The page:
The ability to make artificial atoms containing exotic particles in place of electrons is giving physicists a new way of probing fundamental interactions. Now, researchers have created and interrogated a novel kind of helium atom in which one of the electrons is replaced by a sub-atomic particle known as a pion. The work could shed light on the nature of both pions and neutrinos – tiny, neutral particles for which certain attributes, including mass, remain relatively poorly understood.
Among the particles previously used to make these unusual atoms is the muon, which is about 200 times as massive as the electron but otherwise has identical properties. In 2010 Randolf Pohl and colleagues at the Max Planck Institute of Quantum Optics (MPQ) in Garching, Germany, carried out spectroscopic measurements on muonic hydrogen. They used their data to great effect, calculating a value for the proton’s charge radius that was completely at odds with the then-accepted value and forcing other groups to try to resolve the discrepancy.
Creating atoms containing pions is more difficult. Pions are mesons, meaning that they consist of a bound quark and anti-quark. When fired at high speed into a dense target, some of them will form atoms. But they also create lots of background particles, which makes it hard to pick out the atoms. What’s more, pionic atoms, like the pions themselves, have very short lifetimes, which has made it difficult excite them with a laser beam and measure their internal transition frequencies.
Masaki Hori, also at the MPQ, and colleagues have now overcome this barrier by creating relatively long-lived atoms of pionic helium. In an experiment at the Paul Scherrer Institute in Switzerland, they used an intense beam of protons to generate negative pions in a carbon target, then collided the pions with atoms of superfluid helium-4.
Most of the incoming pions slam directly into a helium nucleus, causing the helium to split into a proton, neutron and deuteron within around a picosecond (10–12 s). But roughly 2% manage to displace one of helium’s two electrons and enter a weakly-bound orbit around the nucleus. The bound pions maintain this orbit for several nanoseconds (10–9 s), as they are protected from the effects of thermal collisions with other atoms by both the remaining electron and the very cold target, which is held at just a couple of degrees above absolute zero.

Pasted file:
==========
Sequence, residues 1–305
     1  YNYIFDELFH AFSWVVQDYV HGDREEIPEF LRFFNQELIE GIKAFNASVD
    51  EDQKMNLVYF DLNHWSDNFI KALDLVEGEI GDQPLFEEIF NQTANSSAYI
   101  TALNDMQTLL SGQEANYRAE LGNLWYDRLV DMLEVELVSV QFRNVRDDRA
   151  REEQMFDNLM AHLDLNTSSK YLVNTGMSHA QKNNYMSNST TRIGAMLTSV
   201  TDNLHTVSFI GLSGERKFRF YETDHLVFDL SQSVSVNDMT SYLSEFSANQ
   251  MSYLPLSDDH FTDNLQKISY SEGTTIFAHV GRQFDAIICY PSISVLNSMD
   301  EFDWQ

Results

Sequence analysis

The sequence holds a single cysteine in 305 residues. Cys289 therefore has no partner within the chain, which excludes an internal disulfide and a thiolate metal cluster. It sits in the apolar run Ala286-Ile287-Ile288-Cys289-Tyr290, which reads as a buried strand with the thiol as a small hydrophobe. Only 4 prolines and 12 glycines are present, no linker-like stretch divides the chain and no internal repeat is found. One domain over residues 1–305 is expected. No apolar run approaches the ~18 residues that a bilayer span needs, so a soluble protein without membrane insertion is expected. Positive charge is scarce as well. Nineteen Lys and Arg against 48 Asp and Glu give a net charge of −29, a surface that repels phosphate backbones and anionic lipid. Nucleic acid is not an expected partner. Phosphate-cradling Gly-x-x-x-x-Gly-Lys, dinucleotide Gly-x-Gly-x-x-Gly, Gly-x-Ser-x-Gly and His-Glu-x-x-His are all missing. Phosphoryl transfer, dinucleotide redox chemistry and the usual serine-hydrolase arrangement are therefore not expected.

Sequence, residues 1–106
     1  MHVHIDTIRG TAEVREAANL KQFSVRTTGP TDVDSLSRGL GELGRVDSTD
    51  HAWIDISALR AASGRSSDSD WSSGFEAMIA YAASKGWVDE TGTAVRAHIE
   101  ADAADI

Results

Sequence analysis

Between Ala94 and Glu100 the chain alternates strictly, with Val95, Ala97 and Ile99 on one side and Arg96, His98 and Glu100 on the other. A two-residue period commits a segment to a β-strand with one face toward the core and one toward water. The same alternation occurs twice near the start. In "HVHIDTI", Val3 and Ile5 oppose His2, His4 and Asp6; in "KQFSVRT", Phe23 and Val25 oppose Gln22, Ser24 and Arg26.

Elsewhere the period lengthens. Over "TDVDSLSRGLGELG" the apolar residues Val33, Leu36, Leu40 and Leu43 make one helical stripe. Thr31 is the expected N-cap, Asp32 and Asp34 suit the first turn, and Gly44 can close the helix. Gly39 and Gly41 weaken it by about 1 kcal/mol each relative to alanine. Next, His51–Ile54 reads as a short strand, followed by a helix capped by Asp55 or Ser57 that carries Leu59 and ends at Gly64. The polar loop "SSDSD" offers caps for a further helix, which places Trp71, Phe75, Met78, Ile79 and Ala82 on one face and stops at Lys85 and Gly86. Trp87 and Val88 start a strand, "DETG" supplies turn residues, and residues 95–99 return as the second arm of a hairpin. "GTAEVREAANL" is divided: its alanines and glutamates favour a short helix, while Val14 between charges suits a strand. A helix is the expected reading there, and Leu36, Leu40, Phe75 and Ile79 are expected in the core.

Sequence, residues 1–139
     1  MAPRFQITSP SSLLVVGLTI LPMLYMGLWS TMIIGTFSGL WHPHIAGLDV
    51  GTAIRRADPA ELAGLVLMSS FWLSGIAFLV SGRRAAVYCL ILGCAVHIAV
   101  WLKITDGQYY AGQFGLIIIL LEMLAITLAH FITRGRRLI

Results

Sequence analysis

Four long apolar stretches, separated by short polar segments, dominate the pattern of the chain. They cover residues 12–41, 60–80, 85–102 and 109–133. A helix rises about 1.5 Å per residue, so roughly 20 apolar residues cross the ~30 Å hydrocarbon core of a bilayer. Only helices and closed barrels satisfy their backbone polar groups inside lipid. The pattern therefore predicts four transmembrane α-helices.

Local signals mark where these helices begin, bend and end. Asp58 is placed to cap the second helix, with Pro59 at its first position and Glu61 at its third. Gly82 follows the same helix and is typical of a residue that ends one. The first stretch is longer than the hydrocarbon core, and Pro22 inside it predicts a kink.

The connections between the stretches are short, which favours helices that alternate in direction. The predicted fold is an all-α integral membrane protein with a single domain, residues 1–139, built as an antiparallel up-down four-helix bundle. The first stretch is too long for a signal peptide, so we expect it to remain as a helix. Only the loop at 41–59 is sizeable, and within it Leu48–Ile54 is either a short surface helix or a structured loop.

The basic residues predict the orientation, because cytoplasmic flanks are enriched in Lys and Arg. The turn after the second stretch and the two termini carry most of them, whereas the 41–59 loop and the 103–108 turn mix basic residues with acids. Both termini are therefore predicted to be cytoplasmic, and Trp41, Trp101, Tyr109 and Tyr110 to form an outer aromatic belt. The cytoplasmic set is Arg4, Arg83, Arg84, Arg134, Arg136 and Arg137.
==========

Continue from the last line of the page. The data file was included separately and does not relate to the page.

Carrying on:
Left to their own devices, the pionic helium atoms will eventually split and generate fission products that can be picked up by detectors positioned around the target. The problem is that the signal from these fission products gets swamped by the signal from the nucleons created by the remaining 98% of incoming pions. The pions arrive in pulses every 20 ns, thanks to the 50 MHz frequency of the accelerator cavities, and they produce big peaks in the detector counts. In contrast, the spontaneous decays of the metastable pionic atoms produce an unobservable smooth background.
Transition frequency measurement
This is where the laser spectroscopy comes in. As they report in Nature, Hori and colleagues synchronized an infrared laser with the pion beam so that it fires a 0.8ns-long light pulse about halfway between each successive pulse of pions. This causes some of the pions in their respective nuclei to drop to a lower orbit and eject the remaining electron, which they do in a few picoseconds, before crashing into the nucleus. Although this process yields just three pionic atoms per hour above the background, that is enough to register a significant peak in the detector count.
By scanning the frequency of their laser beam, the researchers established that the transition they were studying occurred at 183,760 GHz. They point out that the accuracy of this measurement is limited by the many collisions with helium atoms, each of which shifts the frequency slightly, and the broad but easy-to-identify atomic resonance that they used. They hope eventually to use their experiment to set a new, more accurate value for the mass of the negative pion (currently known to just six decimal places), and propose both thinning out the target and studying atomic transitions with narrower linewidths.
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Improving mass accuracy
In a commentary written to accompany the research, Niels Madsen of Swansea University in the UK points out that Hori’s group has previously achieved record precision for the antiproton-to-electron mass ratio by replacing one electron in a helium atom with an antiproton. However, he says that improving the negative-pion mass accuracy will be tougher, partly because a lower helium density means less signal. Nevertheless, he argues that, with persistence, the accuracy could improve by a factor of 10–100. “The experiment thus paves the way to fresh insights into the fundamental constituents of nature,” he writes.
Hori points out that shoring up the pion’s mass could also lower particle physicists’ current upper limit on the mass of the muon antineutrino, given that pions decay into muons (the mass of which is very well known) and neutrinos. “The muon neutrino mass can be estimated by indirect methods much more precisely,” he says. “But it is always nice to have a direct laboratory determination.”
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